So the general idea of my part of the talk was to show how easy it is to create nice looking and architecturally sound applications using OSGi and Karaf. Many people still think OSGi will make your live harder for normal applications. I hope I could show that when using the right practices and tools OSGi can even be simpler and more fun than Servlet Container or Java EE focused development.

I plan to add a little more extensive Tutorial about using Vaadin on OSGi to my Karaf Tutorial series soon so stay tuned.

Presentation: ApacheKaraf.pdf

Source Code:

Vaadin UI:

Tasklist Model and Persistence:

Achim adapted another Vaadin OSGi example from Kai Tödter to Maven and Karaf:

Nach dem Talk auf der letzten W-JAX hatte ich nun die Gelegenheit, auch auf der JAX über Apache Camel zu sprechen. Diesmal hatte ich einen grösseren Raum zur Verfügung, der mit fast 200 Zuhörern auch gut gefüllt war. Dies zeigt das grosse Interesse an Apache Camel. Die Präsentation ist direkt im Anhang verfügbar. Diesmal ging ich stärker auf OSGi und Apache Karaf als Ablaufumgebung ein. Ich hatte auch nur 20 Folien und verwendete einen größeren Teil der Zeit für Live Demos. Der Vortrag wurde auch gefilmt und sollte bald auf der JAX Website verfügbar sein. Ich werde dann eine Aktualisierung mit Link posten.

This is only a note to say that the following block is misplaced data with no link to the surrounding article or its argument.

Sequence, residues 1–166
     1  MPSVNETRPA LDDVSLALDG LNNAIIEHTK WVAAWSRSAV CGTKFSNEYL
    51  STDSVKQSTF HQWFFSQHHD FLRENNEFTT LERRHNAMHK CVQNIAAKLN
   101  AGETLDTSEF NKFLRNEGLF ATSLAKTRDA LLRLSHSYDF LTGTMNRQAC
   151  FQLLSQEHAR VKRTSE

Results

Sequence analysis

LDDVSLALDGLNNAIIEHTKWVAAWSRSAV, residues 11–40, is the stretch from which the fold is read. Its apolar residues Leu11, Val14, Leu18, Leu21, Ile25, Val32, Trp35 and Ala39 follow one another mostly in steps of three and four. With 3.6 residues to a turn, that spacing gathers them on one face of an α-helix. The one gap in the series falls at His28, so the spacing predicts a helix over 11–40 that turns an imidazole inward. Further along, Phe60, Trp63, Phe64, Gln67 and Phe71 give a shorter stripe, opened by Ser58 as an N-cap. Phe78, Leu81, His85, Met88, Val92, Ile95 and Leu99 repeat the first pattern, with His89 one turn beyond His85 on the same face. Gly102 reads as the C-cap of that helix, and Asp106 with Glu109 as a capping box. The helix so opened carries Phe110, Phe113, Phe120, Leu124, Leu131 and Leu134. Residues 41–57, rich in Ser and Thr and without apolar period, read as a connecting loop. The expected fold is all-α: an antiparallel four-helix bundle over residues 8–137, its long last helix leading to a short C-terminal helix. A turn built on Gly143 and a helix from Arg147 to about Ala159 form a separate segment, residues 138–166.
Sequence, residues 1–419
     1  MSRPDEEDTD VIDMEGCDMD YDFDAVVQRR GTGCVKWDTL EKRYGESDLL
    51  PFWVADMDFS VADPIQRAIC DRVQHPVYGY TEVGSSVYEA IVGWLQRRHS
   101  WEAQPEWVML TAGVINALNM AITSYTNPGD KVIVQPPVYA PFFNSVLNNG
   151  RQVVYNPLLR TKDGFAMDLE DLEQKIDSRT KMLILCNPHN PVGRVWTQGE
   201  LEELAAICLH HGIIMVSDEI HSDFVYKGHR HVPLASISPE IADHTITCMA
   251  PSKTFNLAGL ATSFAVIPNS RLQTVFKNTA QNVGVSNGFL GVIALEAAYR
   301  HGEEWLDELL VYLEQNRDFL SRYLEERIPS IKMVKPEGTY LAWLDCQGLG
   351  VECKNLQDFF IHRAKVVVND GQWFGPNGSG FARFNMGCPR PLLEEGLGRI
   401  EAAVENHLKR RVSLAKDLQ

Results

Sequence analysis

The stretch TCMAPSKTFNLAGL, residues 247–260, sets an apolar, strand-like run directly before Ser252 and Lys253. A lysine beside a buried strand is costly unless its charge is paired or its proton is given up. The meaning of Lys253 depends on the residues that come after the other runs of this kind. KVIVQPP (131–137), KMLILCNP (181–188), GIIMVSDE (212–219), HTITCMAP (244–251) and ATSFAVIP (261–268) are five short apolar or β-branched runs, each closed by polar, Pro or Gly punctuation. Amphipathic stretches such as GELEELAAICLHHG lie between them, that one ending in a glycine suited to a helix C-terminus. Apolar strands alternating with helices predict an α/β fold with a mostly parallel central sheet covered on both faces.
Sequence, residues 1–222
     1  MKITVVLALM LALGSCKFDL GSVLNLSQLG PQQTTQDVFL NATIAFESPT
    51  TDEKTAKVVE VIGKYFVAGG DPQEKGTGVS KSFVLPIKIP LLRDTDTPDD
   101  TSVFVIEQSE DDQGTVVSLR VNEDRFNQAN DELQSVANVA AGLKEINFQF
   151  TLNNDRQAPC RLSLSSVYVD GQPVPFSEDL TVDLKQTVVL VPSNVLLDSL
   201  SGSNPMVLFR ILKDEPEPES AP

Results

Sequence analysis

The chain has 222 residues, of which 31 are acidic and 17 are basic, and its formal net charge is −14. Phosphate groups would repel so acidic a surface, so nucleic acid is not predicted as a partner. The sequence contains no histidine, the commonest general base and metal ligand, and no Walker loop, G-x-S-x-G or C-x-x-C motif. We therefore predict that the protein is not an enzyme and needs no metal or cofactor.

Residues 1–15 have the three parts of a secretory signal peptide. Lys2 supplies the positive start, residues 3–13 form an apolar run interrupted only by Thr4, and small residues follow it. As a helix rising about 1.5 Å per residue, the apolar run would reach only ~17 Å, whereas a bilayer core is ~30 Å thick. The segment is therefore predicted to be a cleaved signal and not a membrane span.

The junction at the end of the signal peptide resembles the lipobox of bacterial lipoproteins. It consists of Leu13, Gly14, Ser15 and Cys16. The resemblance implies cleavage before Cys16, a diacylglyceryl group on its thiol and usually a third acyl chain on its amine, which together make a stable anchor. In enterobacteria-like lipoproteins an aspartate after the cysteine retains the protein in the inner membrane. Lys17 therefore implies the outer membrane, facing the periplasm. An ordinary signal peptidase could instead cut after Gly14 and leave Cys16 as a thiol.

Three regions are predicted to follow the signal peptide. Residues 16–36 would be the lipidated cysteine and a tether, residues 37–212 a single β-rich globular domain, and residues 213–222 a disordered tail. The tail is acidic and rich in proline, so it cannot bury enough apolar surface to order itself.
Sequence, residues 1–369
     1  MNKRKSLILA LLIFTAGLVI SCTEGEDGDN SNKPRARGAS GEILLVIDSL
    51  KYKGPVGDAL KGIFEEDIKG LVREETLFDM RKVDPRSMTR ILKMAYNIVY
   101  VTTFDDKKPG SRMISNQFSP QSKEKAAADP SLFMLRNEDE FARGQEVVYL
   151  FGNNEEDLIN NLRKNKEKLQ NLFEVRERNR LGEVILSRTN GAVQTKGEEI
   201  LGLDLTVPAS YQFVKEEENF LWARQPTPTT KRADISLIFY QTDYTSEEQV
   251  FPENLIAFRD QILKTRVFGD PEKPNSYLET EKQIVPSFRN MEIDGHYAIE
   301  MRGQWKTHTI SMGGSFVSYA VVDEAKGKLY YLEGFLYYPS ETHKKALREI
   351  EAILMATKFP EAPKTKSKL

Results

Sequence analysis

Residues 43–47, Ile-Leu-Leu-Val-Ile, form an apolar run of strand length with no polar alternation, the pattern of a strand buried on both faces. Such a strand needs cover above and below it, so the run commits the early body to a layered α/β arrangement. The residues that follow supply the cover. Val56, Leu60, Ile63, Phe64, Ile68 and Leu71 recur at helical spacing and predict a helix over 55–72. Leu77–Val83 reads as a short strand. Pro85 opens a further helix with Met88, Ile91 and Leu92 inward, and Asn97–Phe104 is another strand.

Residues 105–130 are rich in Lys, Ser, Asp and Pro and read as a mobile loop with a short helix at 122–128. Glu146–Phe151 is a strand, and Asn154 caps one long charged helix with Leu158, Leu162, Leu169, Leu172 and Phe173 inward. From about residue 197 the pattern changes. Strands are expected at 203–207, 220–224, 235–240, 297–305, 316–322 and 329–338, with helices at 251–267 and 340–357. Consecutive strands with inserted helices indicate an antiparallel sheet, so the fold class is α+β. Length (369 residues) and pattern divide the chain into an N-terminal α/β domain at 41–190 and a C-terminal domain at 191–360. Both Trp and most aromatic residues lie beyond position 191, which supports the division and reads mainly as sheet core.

Nach dem geplanten Ende des Vortrags war ein freier Zeitblock. Viele der Zuhörer blieben noch um Fragen zu stellen und ich zeigte auch noch einige tiefer gehende Beispiele zu Bean Integration und Pojo Messaging. Als Resumé kann ich sagen, dass Apache Camel sehr beliebt ist und besonders Entwickler und Architekten den Einsatz treiben während das Management noch oft auf große Kommerzielle Frameworks setzt. Apache Karaf wird als sehr interesante Deploymentumgebung wahrgenommen. In den meisten Fällen gibt es allerdings Schwierigkeiten mit Operations bei der produktiven Einführung, da Apache Karaf und OSGi noch recht wenig verbreitet sind und damit eine zusätzliche Serverlandschaft darstellen.

Präsentation: Apache Camel JAX12.pdf